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La Nina May Be Bearer of Gloom

Scientists say cooling in the Pacific suggests the return of a weak system that would mean more fog and droughts in Southern California.

June 18, 2003|Allison M. Heinrichs | Times Staff Writer

Government forecasters are detecting the possible return of La Nina, the weather pattern associated with the gloomy June fog in Southern California and persistent droughts throughout the area.

La Nina, which means "The Little Girl" in Spanish, is an abnormal cooling of water temperatures in the equatorial Pacific.

Vernon Kousky, a research meteorologist with the National Oceanic and Atmospheric Administration, said that over the last few months the Pacific has cooled by 2 to 5 degrees just off the western coast of South America, suggesting the emergence of a weak La Nina.

This possible La Nina follows last year's weak El Nino, the ocean condition typified by warmer than normal temperatures in the equatorial Pacific.

Bill Patzert, a satellite oceanographer at the Jet Propulsion Laboratory in Pasadena, said this La Nina is expected to be mild, although it is already proving temperamental.

The current ocean cooling is bringing drier, cooler, foggier weather to coastal California, suggesting that the gray June gloom that Los Angeles has been experiencing probably won't lift anytime soon.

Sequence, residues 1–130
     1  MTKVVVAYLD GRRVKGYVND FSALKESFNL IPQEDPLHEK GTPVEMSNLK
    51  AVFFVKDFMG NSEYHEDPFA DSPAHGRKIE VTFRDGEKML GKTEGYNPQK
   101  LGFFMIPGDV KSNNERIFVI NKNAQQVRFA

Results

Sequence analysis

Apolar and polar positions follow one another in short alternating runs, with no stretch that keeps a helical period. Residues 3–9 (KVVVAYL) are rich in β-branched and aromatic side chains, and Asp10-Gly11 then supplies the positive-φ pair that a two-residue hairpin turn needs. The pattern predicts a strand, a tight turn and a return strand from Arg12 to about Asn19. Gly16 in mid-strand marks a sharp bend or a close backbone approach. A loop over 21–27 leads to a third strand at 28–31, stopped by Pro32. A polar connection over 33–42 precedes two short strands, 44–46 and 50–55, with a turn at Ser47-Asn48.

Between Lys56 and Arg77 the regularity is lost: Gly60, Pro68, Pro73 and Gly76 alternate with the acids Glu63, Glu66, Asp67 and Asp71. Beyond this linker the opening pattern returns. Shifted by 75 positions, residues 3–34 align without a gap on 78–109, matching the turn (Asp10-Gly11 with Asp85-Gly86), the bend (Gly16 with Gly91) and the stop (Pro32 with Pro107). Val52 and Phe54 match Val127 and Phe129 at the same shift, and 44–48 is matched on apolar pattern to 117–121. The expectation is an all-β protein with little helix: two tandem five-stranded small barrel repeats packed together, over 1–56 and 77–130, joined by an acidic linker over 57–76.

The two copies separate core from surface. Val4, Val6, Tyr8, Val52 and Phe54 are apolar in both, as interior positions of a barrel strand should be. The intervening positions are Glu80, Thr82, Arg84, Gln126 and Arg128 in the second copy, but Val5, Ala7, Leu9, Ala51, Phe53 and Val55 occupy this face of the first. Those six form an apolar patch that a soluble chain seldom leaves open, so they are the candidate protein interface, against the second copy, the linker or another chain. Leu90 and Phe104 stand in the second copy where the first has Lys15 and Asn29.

In the spring, cooler ocean temperatures contrast with warmer urban coastal areas, resulting in gray fog being drawn inland. Patzert said if La Nina conditions persist, the tendency for "gloom" may last into August.

Evidence of cooler ocean temperatures comes from special buoys scattered throughout the equatorial Pacific. Satellites also precisely measure the height of the ocean's surface. Differences in the sea height indicate changes in temperature because colder water takes up less space. Lower sea surface heights are an indication of cooler ocean surface temperatures.

The cooling of the Pacific causes the jet stream, responsible for weather patterns across North America, to enter the United States from the Northwest, dive down into the Midwest and then head back up the East Coast. This pattern causes storms throughout the Midwest and East, but bypasses the Southwest, resulting in drought conditions in California.

Kousky said the current weather system will cause more thunderstorms in Ohio and Tennessee and, if conditions persist, possibly increased hurricane activity for the East Coast. Wetter than normal conditions may also develop over northern Australia, Indonesia and southeastern Africa later this year.

Lately, the Southwest has been stuck in a dry spell, the result of the 1998 La Nina, which persisted until last year when a moderate El Nino temporarily returned conditions to normal.

This drought and the recent attack of June gloom may be part of a bigger weather transition, Patzert said. A 50-year cycle know as the Pacific Decadal Oscillation seems to be entering a cooler phase last seen a half-century ago.

In the 1980s and 1990s, Los Angeles International Airport reported an average of 20 fog days each year. In the 1950s and 1960s, 40 fog days a year was the norm.

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